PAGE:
At first glance, a video currently making the rounds — “Comfortable: 50 People 1 Question” from the Jubilee Project — might look a lot like other similar videos we’ve seen in recent years. Its focus is body image; it features real people, rather than actors, seated in a studio and speaking candidly to the camera about a question posed to them by the folks making the video. In just four minutes, it wants to realign your perceptions about body image and make you feel better about both yourself and the world. If these kinds of videos bother you, then you may want to skip this one... although I also think that there's something a little bit different going on here than there usual. As such, I think it's worth talking about — so let's take a closer look, shall we?
The question on the table this time around is certainly a loaded one: “If you could change one thing about your body, what would it be?” The video assembles 50 people of a variety of genders and backgrounds — but there’s a catch: Not all of them are adults. About half of them are children, and, as you might have guessed, the answers to the question change dramatically based on how old the respondent is.
“I Would Change My Forehead.”
“I have a really big forehead.”
“I have big ears. A lot of times, kids would make fun of me: ‘Hey man, you’ve got big ears,’ ‘We’ve got Dumbo over there,’ you know?”
“The Puffiness of My Face.”
“Definitely My Skin.”
“Because I have dealt with acne and eczema issues ever since I was a kid.”
One woman who wished she was taller summed it up succinctly: “When I was younger, I felt like I wasn’t quite… adequate enough.”
“Have a Mermaid Tail.”
“Have a Shark Mouth.”
“I Would Have Teleportation in My Body.”
“Extra Pointy Ears.”
“I Want Legs Like a Cheetah So I Could Run Faster.”
“I Don’t Think There’s Anything to Change.”
Mermaid tail girl added at the end, “I like my body, actually.” She just wants a mermaid tail in addition to what she’s already got.
You might have already arrived at the observations I’m about to make about the actual content of the video, but let’s talk about them for a moment anyway. The adults, you’ll notice, focus on realistic flaws — the things they don’t like about themselves. Often, these perceived flaws aren’t even necessarily something that can be changed — or at least, not without surgery. What our ears and foreheads look like come down to genetics: They’re what we’re born with. The kids, though? Their answers are fantastical, rather than realistic — and what’s more, a lot of them are about potential: “I want cheetah legs because I want to be able to run super fast.” “I want a shark mouth so I could eat a lot of things.” And most important of all? “Nothing” is a viable answer for them — which stands in particular sharp contrast to the adult woman who asked, “Only one?”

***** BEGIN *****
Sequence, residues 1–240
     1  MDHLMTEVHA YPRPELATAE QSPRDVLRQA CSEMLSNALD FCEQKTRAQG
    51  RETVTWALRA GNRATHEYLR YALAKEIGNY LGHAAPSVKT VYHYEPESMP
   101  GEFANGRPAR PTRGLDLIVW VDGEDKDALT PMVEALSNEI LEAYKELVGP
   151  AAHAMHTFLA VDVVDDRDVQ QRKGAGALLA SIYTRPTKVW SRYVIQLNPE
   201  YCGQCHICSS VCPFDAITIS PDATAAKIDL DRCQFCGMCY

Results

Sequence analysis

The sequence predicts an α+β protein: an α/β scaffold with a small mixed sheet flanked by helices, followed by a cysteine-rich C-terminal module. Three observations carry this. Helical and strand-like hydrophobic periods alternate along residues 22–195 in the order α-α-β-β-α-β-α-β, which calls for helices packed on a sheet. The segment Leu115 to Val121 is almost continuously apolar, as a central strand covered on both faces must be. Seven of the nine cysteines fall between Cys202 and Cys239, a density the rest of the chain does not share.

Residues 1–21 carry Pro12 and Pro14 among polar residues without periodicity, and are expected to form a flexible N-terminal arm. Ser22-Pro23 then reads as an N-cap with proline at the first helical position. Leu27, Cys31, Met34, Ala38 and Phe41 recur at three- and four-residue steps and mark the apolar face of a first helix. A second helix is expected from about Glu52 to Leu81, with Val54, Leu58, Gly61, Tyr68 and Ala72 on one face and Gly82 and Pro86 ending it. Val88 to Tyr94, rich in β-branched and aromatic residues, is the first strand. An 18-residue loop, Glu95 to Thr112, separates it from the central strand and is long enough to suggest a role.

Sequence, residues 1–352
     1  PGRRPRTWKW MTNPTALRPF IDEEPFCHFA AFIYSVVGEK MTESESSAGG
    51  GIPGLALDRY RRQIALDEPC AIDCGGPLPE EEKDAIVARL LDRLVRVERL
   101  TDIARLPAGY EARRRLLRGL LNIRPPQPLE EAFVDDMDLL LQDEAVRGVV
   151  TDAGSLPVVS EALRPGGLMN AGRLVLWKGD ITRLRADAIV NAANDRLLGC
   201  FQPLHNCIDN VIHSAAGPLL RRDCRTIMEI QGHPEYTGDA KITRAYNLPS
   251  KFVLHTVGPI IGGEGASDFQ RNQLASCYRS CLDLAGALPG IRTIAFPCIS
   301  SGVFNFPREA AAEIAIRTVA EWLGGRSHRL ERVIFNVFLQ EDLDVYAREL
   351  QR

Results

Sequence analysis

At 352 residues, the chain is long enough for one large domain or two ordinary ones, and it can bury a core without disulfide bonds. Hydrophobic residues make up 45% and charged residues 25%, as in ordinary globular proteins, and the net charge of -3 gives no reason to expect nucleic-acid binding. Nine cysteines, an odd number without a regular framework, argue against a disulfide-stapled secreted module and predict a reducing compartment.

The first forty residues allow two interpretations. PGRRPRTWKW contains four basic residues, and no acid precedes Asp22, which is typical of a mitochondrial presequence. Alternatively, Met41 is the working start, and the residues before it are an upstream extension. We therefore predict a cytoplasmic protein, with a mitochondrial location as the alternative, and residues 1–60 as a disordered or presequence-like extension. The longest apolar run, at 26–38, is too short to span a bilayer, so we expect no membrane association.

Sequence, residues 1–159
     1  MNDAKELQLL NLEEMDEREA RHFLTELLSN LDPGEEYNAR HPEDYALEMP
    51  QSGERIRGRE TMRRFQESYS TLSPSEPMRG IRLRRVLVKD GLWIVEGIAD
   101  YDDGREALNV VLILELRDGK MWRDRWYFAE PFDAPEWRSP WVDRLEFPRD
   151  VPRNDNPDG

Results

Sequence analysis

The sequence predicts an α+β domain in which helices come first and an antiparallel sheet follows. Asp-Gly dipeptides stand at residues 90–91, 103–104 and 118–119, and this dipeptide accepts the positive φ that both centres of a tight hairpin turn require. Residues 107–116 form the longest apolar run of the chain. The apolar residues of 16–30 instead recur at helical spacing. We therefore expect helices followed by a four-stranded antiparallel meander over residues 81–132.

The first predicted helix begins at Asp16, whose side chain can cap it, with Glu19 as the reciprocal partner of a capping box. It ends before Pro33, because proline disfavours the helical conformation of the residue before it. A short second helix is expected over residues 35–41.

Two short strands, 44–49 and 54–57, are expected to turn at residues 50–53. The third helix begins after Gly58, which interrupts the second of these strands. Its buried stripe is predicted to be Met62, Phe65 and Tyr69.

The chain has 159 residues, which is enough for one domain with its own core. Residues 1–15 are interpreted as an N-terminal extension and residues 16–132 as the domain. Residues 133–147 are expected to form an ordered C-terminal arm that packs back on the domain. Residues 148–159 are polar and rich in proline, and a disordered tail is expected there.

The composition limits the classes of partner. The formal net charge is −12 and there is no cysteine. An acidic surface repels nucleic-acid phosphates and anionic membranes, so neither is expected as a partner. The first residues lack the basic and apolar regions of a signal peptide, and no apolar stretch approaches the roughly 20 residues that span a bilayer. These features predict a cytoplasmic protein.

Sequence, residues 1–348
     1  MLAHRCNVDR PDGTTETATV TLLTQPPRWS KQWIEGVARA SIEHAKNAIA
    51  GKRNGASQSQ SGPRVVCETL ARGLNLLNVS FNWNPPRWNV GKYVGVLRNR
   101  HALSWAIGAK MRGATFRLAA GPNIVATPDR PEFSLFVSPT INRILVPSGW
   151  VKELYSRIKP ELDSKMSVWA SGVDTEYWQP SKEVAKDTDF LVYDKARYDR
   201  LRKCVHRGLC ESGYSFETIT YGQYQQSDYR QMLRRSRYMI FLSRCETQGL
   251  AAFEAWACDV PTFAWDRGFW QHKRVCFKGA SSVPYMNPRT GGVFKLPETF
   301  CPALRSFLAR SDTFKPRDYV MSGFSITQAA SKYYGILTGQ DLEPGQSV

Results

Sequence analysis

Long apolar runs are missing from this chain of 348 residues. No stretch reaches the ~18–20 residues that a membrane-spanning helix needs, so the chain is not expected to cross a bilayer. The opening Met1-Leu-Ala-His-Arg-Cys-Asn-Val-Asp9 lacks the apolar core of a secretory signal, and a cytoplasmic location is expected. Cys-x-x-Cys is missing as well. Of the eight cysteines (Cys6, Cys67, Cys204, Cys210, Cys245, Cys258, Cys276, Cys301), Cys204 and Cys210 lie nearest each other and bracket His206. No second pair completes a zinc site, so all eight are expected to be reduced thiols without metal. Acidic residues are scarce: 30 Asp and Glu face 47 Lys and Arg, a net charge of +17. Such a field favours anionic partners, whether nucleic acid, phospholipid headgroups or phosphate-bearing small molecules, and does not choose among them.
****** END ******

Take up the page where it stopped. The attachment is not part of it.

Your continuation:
As I mentioned earlier, “Comfortable” feels exactly like Dove’s “Real Beauty” campaign, Pantene’s “Not Sorry” spot, and all of those other ads put out by beauty companies as a means of shilling products under a feel-good banner. But “Comfortable” is actually a tiny bit different, and here’s why: It’s not an ad. It's a PSA.
According to its “About” page, the Jubilee Project is a 501c3 that “exists to tell stories that inspire change.” As its founder, Jason Y. Lee, wrote at the Huffington Post in 2010l, “The purpose of the Jubilee Project is simple: To make videos for a good cause — anything from raising awareness, to fundraising money, to capturing random acts of kindness. The hope is that each video inspires others to make their own video, which causes this goodwill to go viral. After all, goodness is contagious.” “Comfortable” was, in fact, sponsored by a company — iNature Skincare — but unlike the Dove and Pantene spots, its end goal isn’t to be an advertisement for that company. The distinction may seem subtle, but I think it’s an important one to make. Yes, it’s a beneficial arrangement for both parties — iNature Skincare gets their name out there a little more, and the Jubilee Project gets the funding necessary to achieve their vision of “producing entertaining content that will empower, enable, and inspire others to do good as well” — but its primary function isn’t to make us spend money on something we probably don’t actually need.
I would also argue that the video isn’t entirely successful at its goal; it doesn’t, for example, go into why adults answer so differently than children. I’m sure that what we’re meant to take away from it probably has something to do with how society shapes our perceptions of ourselves over time — but that's also likely a little bit of a simplistic view. There are probably a few other things at work, too; e.g., developmentally speaking, kids are at an entirely different place than adults — so of course how the question of what you'd change about yourself is both perceived and answered will change based on how old you are. What the video does do quite well, though, is remind us that the “adult” view of the world isn’t the only view. We might not be kids anymore, but that doesn’t mean we have to stop dreaming about what we’d do if we had shark mouths or teleportation abilities — and it doesn’t mean that just because we’re asked what we change about ourselves that there actually has to be something we should want to change about ourselves.
Now if you’ll excuse me, I have to go see a person about a mermaid tail.
Images: JubileeProject/YouTube (11)